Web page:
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EXTREME EFFICIENCY — Data-driven optimization of industrial processes in time-varying environments

Industry is responsible for a large part of the global energy consumption and emissions. To help meet energy demands and reduce climate change, Extreme Efficiency aims to make industrial processes more energy efficient.

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By measuring the effect of small changes in operating conditions, known as perturbations, it is possible to discover if similar larger changes will contribute to a more efficient process. If done systematically, perturbations enable us to find the best operating settings. This form of optimization has been tested on a wide variety of industrial equipment such as ovens, grinding mills, wind turbines, solar arrays, generators, energy converters, and drilling rigs.

Up until now, perturbations are applied continuously to be able to track any changes in optimal settings due to environmental changes. Examples of environmental changes are changes in weather conditions and variations in the composition of raw materials. Continuous perturbations have several disadvantages. Even small changes in operating settings may correspond to actions such as heating or cooling of large areas, or movement of heavy machine parts. These actions may bring about a large direct cost or a significant contribution to wear of machinery. Moreover, swings in sensor readings that result from perturbations make it difficult to detect safety-critical faults.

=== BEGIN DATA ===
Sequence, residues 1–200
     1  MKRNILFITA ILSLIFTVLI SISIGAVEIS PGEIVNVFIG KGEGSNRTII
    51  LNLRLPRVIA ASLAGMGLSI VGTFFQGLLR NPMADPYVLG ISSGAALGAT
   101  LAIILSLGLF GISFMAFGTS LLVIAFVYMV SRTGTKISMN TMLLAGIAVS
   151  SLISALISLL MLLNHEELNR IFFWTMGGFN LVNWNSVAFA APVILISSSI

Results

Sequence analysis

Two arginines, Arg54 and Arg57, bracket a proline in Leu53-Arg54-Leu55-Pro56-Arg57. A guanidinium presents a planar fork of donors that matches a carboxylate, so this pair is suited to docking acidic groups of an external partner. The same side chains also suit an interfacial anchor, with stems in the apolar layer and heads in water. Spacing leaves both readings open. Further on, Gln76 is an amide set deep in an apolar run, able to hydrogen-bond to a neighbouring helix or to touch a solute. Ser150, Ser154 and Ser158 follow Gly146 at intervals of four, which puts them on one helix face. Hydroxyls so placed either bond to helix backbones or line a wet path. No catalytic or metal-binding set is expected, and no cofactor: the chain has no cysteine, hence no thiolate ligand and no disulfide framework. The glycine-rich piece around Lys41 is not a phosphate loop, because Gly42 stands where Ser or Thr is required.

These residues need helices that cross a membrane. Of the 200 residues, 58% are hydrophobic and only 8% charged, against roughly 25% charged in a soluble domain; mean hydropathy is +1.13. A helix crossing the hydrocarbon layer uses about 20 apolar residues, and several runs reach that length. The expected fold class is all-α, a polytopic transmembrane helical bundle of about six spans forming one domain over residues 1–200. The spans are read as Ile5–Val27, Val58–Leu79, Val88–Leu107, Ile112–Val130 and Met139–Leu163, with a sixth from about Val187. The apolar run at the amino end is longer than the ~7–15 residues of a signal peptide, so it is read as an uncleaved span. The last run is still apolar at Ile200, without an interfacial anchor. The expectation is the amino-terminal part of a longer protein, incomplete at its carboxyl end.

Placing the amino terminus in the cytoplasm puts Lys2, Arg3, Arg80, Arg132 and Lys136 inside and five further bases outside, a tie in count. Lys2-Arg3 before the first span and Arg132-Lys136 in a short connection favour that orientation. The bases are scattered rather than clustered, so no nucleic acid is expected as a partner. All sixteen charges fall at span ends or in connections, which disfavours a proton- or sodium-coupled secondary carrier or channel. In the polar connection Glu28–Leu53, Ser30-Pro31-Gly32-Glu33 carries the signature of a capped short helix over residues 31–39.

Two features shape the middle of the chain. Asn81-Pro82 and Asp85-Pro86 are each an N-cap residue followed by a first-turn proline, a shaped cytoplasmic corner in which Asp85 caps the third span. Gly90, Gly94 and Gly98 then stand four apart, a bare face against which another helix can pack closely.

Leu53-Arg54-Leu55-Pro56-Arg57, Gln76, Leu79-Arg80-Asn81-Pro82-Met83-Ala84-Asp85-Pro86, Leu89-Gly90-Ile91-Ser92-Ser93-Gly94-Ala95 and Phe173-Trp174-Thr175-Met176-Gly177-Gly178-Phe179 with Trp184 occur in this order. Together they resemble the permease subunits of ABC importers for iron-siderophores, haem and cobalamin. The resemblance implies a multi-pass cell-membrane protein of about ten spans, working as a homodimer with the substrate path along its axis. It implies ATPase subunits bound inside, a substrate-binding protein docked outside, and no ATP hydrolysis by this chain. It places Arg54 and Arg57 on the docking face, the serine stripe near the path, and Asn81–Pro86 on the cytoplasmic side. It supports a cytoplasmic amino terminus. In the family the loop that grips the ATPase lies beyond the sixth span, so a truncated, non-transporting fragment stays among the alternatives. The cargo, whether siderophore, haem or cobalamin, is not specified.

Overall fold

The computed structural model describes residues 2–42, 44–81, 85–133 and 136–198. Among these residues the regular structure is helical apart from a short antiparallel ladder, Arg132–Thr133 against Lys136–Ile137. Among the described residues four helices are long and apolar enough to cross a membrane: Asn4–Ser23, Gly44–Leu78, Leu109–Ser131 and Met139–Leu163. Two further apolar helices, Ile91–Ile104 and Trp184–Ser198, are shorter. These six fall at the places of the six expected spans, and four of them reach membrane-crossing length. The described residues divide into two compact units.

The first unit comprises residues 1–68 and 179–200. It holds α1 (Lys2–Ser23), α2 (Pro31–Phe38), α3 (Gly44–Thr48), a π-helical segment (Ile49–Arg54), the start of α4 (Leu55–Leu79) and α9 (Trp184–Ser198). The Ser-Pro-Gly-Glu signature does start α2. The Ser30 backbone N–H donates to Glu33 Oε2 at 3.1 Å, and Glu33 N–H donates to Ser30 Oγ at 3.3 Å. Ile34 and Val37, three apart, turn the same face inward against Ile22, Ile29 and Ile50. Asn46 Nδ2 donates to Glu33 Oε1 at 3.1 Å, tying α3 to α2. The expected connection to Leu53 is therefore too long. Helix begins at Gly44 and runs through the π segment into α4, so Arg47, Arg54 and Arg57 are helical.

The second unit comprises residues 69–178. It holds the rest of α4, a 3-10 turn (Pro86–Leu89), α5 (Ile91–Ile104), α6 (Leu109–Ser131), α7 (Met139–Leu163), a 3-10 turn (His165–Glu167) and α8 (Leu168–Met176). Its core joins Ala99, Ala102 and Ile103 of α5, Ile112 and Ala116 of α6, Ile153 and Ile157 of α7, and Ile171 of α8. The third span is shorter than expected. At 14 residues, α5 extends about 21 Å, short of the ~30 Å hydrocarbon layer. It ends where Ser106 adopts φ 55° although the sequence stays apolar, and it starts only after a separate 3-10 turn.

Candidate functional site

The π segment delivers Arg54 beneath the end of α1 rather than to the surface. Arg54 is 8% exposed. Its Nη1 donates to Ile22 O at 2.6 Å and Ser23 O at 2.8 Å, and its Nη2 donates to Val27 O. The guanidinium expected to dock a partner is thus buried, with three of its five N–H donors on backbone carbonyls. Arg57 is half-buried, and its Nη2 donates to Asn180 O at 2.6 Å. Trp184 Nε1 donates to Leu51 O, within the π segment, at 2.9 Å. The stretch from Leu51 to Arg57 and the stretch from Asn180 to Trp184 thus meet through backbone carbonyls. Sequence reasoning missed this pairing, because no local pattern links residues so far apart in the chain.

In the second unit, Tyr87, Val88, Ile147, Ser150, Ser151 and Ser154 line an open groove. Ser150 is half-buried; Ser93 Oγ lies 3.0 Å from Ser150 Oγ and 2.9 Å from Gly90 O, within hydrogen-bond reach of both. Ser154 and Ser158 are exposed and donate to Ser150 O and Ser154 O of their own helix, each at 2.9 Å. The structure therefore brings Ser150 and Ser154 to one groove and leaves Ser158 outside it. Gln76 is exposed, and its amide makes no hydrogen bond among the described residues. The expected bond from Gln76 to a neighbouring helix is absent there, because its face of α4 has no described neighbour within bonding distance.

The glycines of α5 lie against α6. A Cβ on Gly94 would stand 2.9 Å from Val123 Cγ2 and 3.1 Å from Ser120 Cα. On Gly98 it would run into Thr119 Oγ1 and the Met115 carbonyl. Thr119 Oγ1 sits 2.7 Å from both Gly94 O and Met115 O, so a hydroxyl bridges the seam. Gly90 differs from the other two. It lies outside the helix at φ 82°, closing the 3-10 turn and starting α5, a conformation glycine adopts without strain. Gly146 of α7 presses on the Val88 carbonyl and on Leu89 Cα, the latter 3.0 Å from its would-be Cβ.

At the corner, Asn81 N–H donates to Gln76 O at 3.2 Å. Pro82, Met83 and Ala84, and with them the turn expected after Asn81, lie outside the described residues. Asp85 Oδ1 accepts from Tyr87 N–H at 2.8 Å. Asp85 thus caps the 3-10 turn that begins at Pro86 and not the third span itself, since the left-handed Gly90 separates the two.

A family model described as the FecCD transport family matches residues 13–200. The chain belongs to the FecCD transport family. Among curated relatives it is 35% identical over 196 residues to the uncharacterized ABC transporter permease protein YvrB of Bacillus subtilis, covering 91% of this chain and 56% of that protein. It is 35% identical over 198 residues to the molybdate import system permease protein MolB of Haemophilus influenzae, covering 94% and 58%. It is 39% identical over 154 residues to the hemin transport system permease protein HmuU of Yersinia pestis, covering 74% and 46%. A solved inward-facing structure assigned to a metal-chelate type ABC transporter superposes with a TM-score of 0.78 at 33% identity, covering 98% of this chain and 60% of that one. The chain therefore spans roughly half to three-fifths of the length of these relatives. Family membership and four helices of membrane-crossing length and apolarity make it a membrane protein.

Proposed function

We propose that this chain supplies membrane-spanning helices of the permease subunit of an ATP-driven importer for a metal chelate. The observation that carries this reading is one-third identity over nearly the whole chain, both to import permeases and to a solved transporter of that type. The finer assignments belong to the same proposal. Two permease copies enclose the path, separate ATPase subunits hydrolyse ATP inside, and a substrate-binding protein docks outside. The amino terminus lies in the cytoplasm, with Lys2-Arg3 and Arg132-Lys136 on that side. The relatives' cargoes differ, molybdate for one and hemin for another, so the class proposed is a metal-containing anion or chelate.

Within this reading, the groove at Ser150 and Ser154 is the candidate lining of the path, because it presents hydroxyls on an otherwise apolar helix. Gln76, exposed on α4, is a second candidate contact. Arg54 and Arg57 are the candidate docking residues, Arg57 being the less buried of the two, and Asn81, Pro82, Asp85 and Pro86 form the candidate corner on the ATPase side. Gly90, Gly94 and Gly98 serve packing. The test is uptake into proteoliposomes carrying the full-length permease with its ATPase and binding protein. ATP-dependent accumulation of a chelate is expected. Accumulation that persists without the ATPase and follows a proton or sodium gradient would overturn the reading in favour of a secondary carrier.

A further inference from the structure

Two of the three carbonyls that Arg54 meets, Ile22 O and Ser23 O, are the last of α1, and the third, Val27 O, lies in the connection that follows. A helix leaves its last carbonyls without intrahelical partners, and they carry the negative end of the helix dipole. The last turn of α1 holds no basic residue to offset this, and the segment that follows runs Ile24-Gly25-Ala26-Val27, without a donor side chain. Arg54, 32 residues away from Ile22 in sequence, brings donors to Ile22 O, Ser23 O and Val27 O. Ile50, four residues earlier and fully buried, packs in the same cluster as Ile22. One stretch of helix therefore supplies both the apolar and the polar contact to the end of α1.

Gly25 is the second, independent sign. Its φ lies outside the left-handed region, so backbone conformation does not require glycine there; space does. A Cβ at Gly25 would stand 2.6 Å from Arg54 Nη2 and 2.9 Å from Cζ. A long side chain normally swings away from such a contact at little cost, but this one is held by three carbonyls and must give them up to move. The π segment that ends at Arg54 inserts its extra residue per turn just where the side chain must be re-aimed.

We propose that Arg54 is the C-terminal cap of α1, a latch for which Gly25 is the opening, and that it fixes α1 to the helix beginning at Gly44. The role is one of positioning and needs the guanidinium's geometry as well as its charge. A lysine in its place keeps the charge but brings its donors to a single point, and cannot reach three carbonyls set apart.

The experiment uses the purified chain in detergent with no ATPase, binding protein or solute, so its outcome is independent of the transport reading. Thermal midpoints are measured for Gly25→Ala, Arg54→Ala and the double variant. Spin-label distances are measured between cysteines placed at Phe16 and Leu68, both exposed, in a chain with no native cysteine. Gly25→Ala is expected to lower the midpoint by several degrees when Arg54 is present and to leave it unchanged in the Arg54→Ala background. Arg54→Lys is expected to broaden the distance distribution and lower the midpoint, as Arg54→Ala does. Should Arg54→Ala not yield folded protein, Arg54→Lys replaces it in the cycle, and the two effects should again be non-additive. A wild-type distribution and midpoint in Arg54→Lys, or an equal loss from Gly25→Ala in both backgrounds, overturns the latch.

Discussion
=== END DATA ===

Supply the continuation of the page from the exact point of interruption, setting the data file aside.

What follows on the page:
In this project, we address these disadvantages by developing algorithms that only turn on perturbations when needed. These algorithms weigh the cost of perturbing against the predicted gain in efficiency. In addition, contemporary algorithms do not handle known process changes well. Large efficiency losses can arise due to slow reactions to changes like scheduled machine adjustments and switches in setpoint values. We aim to give advance warnings to the optimization algorithms such that they can better prepare for known process changes and reduce performance losses.

Key Factors

Project duration

2024 - 2026


Norges forskningsråd

Cooperation partners

Norwegian University of Science and Technology - NTNU,  Eindhoven University of Technology

Project type

Forskerprosjekt for tidlig karriere (FRINATEK-Fri)

Project employee